On Thursday May 31, the morning drive talk radio programs in Vancouver were growling with complaints. Bewildered traffic reporters called in breathless reports.
The reason for the agitation on the airwaves was that members of the Musqueam First Nation and their supporters had carried out an unusual protest march that had gone up the on-ramp and had blocked the north end of the Arthur Laing Bridge.
The Musqueam explained in a statement sent to media that they felt compelled to use this tactic to get attention to their cause, which is that a developer has been given a permit to build condos on an ancient and sacred burial site.
Marpole, where the Arthur Laing Bridge is located in southwest Vancouver, is all part of traditional Musqueam territory, as is much of the rest of this city. All of it is Coast Salish land, unceded by any formal treaty.
The importance of the larger area where the condos are planned is well known and long- established. The Marpole Midden, known as c̓əsnaʔəm by the Musqueam themselves, was in fact recognized as a National Historic Site in 1933.
Having petitioned the provincial government to rescind the building permit, and having held numerous protests and even an ongoing 24/7 vigil at the foot of the bridge to raise the visibility of their cause, the Musqueam felt they had no choice but to carry out this blockade of morning traffic.
This type of protest is easy fodder for the right-wing voices that dominate morning talk radio. But it’s also, for the Musqueam, the only way for their cause to get the high profile coverage it deserves. For generations and generations, they have watched as their lands were given away by the Crown to private developers. Watched as bridges, sawmills, apartment blocks and roads were built without anyone asking their permission, and watched as the vast majority of the settler population did sweet nothing to protest any of it.
Rather than give in to those right-wing voices on the airwaves appealing to the worst in us – intolerance, prejudice, indifference to those who have suffered – we would do well to take this blockade by the Musqueam as a chance to think about the bigger picture.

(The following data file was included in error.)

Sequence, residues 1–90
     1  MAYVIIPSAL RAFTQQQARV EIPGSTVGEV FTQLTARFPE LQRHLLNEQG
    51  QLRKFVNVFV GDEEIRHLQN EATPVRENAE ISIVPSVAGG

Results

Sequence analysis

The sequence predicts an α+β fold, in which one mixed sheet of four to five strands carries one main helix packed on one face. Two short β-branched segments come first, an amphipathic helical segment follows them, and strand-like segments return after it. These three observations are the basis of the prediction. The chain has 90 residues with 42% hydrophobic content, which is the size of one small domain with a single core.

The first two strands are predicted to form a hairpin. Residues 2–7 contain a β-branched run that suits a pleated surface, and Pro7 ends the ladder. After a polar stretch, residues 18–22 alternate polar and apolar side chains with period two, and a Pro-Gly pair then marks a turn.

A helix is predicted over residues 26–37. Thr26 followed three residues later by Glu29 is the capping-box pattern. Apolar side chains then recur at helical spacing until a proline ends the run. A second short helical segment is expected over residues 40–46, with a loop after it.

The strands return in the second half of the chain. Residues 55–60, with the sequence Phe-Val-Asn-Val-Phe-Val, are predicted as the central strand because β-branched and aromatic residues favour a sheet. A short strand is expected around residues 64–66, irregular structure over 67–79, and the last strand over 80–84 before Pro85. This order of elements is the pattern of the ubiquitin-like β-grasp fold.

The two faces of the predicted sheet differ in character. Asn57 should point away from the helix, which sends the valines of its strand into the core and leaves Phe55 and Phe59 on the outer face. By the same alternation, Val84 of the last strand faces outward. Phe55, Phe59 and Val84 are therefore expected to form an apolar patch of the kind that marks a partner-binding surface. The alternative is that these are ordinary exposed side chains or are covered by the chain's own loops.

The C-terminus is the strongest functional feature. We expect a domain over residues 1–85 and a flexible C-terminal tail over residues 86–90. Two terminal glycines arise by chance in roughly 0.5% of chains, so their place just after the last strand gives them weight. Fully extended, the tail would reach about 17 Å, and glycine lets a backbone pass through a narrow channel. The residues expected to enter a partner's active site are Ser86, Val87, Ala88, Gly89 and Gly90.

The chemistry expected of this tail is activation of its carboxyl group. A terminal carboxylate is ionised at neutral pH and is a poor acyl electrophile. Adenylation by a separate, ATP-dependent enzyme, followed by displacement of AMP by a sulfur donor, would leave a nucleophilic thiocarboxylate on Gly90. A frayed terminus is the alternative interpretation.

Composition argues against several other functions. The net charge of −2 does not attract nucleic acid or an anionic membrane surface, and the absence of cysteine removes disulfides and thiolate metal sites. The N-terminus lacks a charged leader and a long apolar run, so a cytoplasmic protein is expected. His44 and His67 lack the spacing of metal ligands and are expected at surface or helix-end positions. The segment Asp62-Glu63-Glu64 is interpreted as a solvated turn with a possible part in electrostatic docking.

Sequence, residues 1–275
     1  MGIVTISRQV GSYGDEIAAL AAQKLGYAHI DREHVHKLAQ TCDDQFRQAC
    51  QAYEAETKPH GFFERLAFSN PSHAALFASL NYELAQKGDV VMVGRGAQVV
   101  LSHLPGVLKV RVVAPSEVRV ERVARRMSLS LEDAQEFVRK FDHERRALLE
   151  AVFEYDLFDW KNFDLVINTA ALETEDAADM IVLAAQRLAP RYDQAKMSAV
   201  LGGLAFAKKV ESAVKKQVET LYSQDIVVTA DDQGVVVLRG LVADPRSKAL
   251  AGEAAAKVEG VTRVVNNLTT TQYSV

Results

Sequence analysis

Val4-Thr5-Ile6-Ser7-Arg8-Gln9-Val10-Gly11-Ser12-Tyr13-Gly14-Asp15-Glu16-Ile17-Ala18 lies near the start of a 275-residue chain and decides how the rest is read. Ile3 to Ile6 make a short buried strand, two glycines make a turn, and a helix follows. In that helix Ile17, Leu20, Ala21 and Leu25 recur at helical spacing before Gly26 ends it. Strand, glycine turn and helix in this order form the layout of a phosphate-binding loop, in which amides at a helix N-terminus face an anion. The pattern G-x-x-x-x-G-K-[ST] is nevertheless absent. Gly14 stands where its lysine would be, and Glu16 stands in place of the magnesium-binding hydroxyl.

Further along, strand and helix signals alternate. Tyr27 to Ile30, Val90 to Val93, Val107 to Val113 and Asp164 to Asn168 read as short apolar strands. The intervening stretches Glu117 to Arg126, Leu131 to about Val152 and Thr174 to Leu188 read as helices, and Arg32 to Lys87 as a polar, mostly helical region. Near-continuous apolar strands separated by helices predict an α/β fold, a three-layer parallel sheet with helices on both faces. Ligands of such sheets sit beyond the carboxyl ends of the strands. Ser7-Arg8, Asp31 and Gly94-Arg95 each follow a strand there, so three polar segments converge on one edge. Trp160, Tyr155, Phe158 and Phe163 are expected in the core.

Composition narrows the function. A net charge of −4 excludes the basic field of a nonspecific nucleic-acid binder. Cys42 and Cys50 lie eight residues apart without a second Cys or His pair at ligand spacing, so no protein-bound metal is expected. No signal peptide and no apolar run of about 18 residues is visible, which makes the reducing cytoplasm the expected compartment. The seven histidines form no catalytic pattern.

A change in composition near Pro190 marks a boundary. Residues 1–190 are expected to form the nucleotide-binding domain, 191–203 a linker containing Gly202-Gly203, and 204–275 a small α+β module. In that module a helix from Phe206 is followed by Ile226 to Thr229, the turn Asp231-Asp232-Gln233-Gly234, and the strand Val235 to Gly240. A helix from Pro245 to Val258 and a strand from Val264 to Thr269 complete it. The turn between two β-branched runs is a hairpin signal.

No reasonable person can honestly deny the Musqueam’s claim to the land, nor their demand that this burial site be spared from another condo development. Many have taken the time to show support, and to go down to their vigil next to the Arthur Laing Bridge.
They have some politicians taking up their cause. To his credit, Vancouver Mayor Gregor Robertson has ridden his bike down there to sign their petition and to offer his support. West End MLA Spencer Chandra Herbert has taken their cause to the legislature in Victoria.
And it’s in the provincial capital where the power to rescind the building permit lies. Premier Christy Clark has refused to budge, and her government has thus far ignored the appeals from the Musqueam and their allies.
If you think it’s inconvenient to have to wait an extra half an hour in traffic one morning a year, imagine waiting months and years with a government that ignores you – on top of waiting generations to see a semblance of justice and restitution for the historic injustices of colonialism.
“It’s our ancestor’s final resting place, we don’t want them to be disturbed,” says Cecilia Point, a spokesperson for the Musqueam.
You’d have to be shameless not to empathize with this basic human sentiment. Historically, the governments of Canada and British Columbia have stolen their lands and attempted to forcibly destroy their culture. And now the current provincial government appears set on insisting, adding insult to injury by digging up the graves of their people.
If we don’t help the Musqueam stop this, the shame is on us, too. The only truly unusual thing about last Thursday morning’s protest is that it doesn’t happen more often.